It’s going to be impossible to keep up with these reports and rumors, but one new item merits discussion. Emanuele Ottolenghi has pretty thoroughly discredited the originators of the rumor that bombs shipped to Diego Garcia are for an imminent attack on Iran. Now, however, there’s a report from a less-dismissible source that the original intention may have been to ship the bombs to Israel. Much of the blogosphere is running with the story that Obama “diverted” the shipment, with the timing of these revelations apparently related to Washington’s ongoing tiff with Jerusalem.

My assessment up front: the blogosphere’s got that story wrong. The U.S. may well have decided to change the destination of bombs being prepositioned overseas, but the decision was clearly made at least two months ago, before the January 2010 contract to ship the munitions to Diego Garcia was posted. Nevertheless, if the World Tribune report is valid, that change in our prepositioning plan could be part of a disquieting trend in the Obama administration’s arms policy toward Israel.

A key fact in this tangled tale is that Israel has been one of the U.S. military’s principal foreign prepositioning sites for the last 20 years. (Others are South Korea and Thailand.) Munitions we store with these hosts, while intended for our own forces’ use in contingencies, can be used by the host nations in the case of national emergency. We only store such stockpiles in nations with which we have defense agreements. A previous ammunition shipment to the storage sites in Israel became quite famous a year ago when the cargo ship bearing it was originally scheduled to arrive during the IDF operations in Gaza. In light of a December 2009 agreement on doubling the size of our munitions stockpile in Israel, it’s quite probable that we intended to ship additional bombs to the storage sites there this year.

The World Tribune piece appears to be discussing a U.S. policy-related shipment of this kind, rather than the diversion of arms that were actually sold to Israel. I don’t believe that a weapons sale is being reneged on. But a decision to suspend further prepositioning of U.S. munitions at the Israeli sites would be in character with the Obama administration’s emerging policy of delaying and blocking military sales to Israel. The most notable instance involves the Apache Longbow helicopter: a pending sale of Apaches to Israel was blocked by the administration in June 2009, due to the concern that they would be used to threaten Palestinian civilians in Gaza.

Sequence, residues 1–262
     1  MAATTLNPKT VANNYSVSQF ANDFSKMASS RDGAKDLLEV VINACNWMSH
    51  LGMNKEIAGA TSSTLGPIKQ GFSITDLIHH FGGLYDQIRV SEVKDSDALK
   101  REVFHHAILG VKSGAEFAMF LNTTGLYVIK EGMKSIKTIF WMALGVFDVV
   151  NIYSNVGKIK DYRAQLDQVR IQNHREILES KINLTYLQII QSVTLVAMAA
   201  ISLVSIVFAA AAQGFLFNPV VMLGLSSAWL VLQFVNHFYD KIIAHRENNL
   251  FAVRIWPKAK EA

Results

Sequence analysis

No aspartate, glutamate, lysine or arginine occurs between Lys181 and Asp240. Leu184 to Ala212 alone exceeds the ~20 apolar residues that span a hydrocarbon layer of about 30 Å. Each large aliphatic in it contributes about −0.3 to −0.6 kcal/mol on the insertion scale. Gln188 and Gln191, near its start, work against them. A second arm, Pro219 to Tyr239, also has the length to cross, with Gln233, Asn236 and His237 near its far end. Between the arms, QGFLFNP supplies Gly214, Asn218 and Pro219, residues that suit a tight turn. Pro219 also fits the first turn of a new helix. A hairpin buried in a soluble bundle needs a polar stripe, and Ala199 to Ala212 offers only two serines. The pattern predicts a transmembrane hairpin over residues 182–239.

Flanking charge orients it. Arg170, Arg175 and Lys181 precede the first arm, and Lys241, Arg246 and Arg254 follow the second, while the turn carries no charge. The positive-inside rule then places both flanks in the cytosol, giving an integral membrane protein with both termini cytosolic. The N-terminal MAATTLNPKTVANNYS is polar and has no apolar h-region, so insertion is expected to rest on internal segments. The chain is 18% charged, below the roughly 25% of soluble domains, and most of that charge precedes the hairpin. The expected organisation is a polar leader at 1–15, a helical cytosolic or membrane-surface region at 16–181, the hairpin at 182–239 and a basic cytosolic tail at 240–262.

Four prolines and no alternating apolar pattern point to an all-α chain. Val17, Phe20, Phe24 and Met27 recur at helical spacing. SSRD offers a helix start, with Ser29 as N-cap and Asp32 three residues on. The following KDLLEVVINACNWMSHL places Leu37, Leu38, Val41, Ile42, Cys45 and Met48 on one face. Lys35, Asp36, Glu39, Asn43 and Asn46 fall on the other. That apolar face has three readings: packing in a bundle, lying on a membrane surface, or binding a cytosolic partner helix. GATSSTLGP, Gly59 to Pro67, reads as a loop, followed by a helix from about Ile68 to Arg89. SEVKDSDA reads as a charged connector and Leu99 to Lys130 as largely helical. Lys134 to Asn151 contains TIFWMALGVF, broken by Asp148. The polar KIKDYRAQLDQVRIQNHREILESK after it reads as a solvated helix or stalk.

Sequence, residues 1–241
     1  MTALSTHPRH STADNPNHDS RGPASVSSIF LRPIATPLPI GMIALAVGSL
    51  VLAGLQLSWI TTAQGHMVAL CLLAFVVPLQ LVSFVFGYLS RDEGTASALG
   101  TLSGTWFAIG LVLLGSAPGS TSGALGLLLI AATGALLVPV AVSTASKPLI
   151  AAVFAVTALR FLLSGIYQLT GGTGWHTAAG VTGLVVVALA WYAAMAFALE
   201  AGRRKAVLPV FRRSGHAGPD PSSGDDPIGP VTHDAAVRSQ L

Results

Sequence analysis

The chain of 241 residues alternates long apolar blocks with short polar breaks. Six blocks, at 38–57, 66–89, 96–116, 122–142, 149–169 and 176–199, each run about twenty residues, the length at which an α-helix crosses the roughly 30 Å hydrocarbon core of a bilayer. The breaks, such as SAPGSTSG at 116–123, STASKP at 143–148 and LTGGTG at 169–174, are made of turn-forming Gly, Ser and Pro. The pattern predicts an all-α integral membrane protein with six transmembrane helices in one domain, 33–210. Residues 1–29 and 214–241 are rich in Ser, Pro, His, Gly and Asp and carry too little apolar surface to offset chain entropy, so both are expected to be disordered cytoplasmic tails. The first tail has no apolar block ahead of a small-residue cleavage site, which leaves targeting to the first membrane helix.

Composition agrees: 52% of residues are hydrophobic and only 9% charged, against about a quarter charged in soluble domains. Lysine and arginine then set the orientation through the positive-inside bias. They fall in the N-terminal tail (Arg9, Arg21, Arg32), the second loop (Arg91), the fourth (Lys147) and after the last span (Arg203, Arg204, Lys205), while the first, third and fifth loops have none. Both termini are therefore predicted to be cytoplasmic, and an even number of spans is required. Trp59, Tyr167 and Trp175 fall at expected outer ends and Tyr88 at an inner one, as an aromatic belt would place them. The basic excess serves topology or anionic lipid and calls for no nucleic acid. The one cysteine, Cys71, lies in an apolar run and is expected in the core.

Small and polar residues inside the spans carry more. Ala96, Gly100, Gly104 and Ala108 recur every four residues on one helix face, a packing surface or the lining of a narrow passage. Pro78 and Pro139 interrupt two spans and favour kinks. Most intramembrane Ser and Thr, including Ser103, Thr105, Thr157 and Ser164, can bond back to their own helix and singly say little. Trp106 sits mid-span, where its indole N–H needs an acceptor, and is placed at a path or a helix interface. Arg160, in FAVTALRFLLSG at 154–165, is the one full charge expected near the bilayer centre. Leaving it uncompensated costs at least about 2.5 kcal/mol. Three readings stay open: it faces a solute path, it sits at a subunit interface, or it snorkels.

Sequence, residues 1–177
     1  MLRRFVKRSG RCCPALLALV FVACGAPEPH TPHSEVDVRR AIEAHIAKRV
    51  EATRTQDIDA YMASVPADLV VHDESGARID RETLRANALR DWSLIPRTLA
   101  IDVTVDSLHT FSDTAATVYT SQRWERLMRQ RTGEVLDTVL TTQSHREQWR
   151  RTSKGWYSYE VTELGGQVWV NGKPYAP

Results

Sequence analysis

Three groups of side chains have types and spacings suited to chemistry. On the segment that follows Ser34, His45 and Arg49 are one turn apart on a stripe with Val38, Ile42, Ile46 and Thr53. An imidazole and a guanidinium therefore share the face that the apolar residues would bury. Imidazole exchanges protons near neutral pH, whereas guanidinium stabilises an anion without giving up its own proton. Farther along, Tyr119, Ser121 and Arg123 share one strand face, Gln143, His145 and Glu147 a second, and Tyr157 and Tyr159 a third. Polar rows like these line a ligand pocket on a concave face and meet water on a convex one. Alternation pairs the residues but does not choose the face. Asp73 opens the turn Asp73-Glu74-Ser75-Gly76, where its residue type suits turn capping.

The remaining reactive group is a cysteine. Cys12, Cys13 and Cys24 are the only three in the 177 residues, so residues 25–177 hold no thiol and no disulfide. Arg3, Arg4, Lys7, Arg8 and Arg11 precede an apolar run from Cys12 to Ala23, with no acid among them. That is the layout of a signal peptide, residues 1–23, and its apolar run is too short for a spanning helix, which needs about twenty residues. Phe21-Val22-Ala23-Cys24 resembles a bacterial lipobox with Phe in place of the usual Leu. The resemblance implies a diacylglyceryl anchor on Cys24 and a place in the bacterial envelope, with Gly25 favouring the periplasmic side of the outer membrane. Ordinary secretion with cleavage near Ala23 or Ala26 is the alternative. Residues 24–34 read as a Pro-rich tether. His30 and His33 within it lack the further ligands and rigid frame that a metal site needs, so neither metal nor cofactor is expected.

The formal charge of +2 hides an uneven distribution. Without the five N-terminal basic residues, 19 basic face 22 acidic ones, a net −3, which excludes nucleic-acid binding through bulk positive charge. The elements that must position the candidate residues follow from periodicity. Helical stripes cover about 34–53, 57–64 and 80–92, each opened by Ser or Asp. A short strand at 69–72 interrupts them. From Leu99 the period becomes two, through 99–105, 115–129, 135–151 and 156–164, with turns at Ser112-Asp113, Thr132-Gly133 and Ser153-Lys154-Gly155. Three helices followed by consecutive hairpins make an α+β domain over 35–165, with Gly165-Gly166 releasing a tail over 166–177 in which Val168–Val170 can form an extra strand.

The U.S. has delayed arms sales to Israel before, but as the JINSA article above notes, Obama’s policy of slow-rolling Israel while concluding major arms deals with Saudi Arabia, Egypt, and Jordan is a new one. His administration’s bumpy history with Israel lends weight to the possibility that our military prepositioning strategy is being modified to prevent further growth in the munitions stockpile Israel might be able to drawn on. Implementing policy by this arcane method has the advantage of being a quiet and attritional approach.

We should note that Israel already has the types of bombs listed in the manifest for the Diego Garcia shipment.  We sold the IDF several thousand of them in the last decade. There is no need to hyperventilate over the erroneous implication that a type of weapon Israel desperately needs is being withheld. But the possibility that the Obama administration hopes to control the limits on Israel’s options is not so easily dismissed.

Deciding what we do with our own weapons is, of course, America’s sovereign right. The discretion and logistic convenience we retain by storing bombs at Diego Garcia are things any administration might seek. But while this bomb shipment may be a politically unremarkable logistic decision, reports that it may have implications about our relations with Israel are credible after months of one-sided policy from the Obama administration.